“Just like in people, animals can develop medical conditions and certain animals are prone to things, like certain people may be prone to things. We work really hard, making sure that we’re providing optimal health care in all of those scenarios so when we have a sick animal it sometimes feels as though people are insinuating that something wasn’t done correctly, and that’s just not the case. In our scenarios here, we’re working really hard for animals that have come from a fairly compromised situation and are trying to make sure that they are getting all the healthcare that they need. We certainly don’t believe that we’ve played any role in causing these conditions.”
According to Coan, staff first became aware that one of the female beluga whales was sick on Friday and that her condition worsened over the weekend, leading to a Facebook post from the aquarium on Tuesday that she was extremely ill and failing.
“We became aware that this animal had a serious health condition sometime on Friday and it became increasingly clear that there were issues as the weekend progressed into Monday. The diagnostic tests take at least 24 hours for us to process because of the complexity of them. The concern that we have is the combination of gastrointestinal issues plus low white blood cell count.”
Tuttle said that prior to the health issue on Friday, none of the beluga whales at Mystic Aquarium were being treated for acute or chronic medical conditions, and that compared to the wild, the animals are likely healthier and living in a less stressful environment.
“Wild animals could be just as prone to having a gastrointestinal issue, maybe even more so prone to getting various things like infections because they’re exposed to more things and less protected from all the possible things that would happen that the aquarium protects against. We know these animals are just like people. It doesn’t matter whether you live outside or inside or in a city or in the country, you’re still prone to potentially an infection or an injury or this or that. Our job is to provide the highest quality medical care, which we do. We address every symptom that comes up, whether it’s small or large,” she said.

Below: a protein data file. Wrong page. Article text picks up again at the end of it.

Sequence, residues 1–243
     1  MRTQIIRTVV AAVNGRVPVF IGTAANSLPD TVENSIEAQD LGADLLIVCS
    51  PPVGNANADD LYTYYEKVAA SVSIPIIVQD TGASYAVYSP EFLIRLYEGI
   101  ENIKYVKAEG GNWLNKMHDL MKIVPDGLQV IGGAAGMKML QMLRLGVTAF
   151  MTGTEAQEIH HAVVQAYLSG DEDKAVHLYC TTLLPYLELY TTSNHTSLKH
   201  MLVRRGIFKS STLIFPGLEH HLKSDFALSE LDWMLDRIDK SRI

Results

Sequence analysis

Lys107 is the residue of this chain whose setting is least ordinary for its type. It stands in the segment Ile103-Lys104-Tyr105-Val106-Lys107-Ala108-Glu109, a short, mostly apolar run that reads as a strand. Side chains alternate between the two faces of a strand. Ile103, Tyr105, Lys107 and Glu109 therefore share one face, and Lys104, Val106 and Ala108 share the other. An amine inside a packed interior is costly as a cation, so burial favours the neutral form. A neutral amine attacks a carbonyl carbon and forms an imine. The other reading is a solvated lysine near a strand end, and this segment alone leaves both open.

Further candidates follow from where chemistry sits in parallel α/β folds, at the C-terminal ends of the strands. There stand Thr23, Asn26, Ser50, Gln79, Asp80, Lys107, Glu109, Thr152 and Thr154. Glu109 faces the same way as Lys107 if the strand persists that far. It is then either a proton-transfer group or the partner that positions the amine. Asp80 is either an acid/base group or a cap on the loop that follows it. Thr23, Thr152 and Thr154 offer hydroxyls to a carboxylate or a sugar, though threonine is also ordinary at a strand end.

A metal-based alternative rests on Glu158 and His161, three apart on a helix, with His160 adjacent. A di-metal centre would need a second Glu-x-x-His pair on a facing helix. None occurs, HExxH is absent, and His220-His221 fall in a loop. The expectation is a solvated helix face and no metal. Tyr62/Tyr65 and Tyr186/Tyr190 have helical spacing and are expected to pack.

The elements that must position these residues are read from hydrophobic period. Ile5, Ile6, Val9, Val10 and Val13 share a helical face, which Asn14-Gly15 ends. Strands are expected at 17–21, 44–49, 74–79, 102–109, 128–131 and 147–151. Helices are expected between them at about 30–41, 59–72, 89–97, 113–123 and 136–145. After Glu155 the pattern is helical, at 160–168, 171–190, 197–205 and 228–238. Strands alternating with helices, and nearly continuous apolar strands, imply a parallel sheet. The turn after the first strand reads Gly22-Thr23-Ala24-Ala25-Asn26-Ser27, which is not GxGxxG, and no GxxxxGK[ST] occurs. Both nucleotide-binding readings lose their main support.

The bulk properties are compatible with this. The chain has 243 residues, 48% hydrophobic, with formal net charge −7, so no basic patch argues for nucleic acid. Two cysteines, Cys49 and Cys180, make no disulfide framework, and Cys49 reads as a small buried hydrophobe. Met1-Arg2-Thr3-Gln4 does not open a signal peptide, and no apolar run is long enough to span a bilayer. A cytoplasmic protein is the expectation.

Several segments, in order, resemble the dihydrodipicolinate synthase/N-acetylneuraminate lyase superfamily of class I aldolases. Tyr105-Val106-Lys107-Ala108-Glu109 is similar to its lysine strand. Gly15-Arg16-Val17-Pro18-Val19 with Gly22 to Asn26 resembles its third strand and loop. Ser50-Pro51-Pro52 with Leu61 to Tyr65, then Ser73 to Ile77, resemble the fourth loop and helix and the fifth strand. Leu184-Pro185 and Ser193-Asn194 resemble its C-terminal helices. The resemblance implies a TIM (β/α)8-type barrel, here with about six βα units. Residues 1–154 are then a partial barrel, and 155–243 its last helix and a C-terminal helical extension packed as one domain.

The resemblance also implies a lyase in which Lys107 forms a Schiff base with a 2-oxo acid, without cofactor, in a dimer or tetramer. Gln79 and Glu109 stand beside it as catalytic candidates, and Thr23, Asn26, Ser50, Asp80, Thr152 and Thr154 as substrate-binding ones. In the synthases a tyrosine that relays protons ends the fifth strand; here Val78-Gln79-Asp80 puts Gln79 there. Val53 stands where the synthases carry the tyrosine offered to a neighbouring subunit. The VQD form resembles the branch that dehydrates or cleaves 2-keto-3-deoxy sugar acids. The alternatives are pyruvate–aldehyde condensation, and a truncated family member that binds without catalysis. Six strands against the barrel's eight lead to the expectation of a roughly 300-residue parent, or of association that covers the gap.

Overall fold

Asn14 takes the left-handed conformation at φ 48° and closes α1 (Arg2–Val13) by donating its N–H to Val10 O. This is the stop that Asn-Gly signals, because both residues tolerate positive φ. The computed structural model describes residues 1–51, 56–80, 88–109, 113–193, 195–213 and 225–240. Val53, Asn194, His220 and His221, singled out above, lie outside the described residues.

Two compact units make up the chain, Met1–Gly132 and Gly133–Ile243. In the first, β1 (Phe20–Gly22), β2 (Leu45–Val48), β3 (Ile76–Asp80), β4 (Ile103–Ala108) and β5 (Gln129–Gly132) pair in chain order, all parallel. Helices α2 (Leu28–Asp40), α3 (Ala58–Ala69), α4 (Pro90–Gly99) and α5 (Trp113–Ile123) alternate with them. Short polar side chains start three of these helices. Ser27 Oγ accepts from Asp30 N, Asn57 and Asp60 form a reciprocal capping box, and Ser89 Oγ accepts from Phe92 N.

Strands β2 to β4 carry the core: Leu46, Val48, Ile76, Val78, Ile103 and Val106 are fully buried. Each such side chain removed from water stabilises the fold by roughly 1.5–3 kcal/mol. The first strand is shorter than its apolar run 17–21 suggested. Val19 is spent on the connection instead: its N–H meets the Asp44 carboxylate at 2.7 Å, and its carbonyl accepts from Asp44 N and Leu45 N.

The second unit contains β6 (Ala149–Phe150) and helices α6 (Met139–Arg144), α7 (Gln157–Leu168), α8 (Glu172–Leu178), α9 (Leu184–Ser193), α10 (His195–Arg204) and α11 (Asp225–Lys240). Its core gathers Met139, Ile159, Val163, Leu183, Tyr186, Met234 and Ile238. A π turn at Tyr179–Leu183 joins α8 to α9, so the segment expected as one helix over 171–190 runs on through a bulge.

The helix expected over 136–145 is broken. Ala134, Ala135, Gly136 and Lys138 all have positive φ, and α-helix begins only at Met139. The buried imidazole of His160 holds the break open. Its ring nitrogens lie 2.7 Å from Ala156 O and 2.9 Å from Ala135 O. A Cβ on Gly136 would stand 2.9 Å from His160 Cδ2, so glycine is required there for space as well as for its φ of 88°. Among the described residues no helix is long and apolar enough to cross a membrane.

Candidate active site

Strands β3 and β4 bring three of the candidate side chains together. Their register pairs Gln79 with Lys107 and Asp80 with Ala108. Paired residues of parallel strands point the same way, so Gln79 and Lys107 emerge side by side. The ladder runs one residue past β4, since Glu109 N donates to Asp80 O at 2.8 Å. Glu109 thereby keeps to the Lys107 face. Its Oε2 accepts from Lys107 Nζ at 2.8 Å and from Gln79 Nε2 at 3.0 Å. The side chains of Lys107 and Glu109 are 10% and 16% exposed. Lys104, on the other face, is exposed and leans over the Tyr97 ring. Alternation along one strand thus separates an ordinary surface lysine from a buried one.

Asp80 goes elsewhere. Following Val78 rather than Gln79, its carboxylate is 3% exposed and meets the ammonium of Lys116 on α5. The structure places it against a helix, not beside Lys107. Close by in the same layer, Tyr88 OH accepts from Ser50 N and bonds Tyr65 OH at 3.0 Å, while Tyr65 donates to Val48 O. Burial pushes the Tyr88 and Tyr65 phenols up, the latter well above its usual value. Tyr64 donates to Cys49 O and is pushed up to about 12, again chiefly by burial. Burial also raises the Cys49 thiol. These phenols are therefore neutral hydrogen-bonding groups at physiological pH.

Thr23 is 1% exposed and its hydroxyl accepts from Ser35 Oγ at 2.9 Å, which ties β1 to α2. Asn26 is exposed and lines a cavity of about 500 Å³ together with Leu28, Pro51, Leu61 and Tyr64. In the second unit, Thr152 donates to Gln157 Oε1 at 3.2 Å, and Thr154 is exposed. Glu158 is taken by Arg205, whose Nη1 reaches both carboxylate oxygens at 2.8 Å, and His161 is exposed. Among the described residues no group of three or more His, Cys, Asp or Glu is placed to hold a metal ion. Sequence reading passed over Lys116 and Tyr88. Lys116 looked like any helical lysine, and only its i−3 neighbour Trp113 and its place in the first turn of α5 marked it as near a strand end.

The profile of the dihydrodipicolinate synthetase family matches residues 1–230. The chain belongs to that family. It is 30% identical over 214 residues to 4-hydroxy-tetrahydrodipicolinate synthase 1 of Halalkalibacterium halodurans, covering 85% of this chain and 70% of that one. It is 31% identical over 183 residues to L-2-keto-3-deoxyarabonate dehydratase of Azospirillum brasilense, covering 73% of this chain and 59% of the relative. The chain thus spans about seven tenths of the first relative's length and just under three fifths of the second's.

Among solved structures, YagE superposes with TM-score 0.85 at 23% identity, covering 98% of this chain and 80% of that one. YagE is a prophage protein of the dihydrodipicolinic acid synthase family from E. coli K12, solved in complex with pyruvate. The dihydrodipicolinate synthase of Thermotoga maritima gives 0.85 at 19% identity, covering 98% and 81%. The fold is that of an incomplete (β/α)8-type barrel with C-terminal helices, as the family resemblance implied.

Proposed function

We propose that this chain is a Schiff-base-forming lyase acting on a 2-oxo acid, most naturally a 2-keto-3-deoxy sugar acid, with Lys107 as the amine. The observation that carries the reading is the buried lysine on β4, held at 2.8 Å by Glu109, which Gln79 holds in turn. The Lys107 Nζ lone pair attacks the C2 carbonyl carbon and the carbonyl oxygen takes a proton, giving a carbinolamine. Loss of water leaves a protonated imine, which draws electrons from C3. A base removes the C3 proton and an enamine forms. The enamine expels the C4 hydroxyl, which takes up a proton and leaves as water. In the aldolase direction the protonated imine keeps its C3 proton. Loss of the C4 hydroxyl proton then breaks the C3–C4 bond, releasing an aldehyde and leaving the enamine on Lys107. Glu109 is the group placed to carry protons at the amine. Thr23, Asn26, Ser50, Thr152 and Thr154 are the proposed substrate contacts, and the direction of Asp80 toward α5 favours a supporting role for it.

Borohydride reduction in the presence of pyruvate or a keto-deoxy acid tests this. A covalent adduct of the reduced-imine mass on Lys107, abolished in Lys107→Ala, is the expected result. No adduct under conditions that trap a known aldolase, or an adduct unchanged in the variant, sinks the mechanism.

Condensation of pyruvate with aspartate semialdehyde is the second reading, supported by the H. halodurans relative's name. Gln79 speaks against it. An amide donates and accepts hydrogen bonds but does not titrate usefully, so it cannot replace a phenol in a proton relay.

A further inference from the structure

In response to questions about the appropriateness of keeping beluga whales at Mystic Aquarium, Romano offered a passionate defense of their work and its role in saving the species. Romano compared their work to conditions in the wild, particularly recent deaths among the Cook Inlet population.
“We’re losing animals left and right in a very small population. I don’t have the number at my fingertips for how many strandings and recorded dead animals from that population in a year but it’s because of the conditions and what’s happening to their environment. So we’re losing and we’re hoping that population doesn’t become extinct, but if we don’t figure out what’s happening and put in some strict management conditions for their environment, we’re going to lose that entire population,” she said.
Coan said he wanted the public and the press to understand the complexity of the beluga whale issues and to respect the scientific background of those who work with the animals.
“The first thing is that no one other than the attending veterinarians are qualified to comment on the health of these animals and it is inappropriate for people who are not veterinarians to be representing themselves as experts on animal health generally, but especially with regard to the particular issues affecting this animal or other animals,” he said.
“These animals were moved, yes, for research, but also with the understanding that the health care that would be provided to them would be better, exponentially better, than it was where they came from,” he said.
At 6:45 p.m. on Wednesday, Mystic Aquarium provided an updated status via Facebook.
“The veterinarian staff continues to closely monitor the female beluga whale who has recently become ill. At this time, there have been no significant changes in the beluga’s condition. Our team continues to dedicate the full capacity of its resources and expertise to help this whale recover. We will continue to provide updates as they become available. We are extremely grateful to all those who have offered your support to the Mystic Aquarium community.”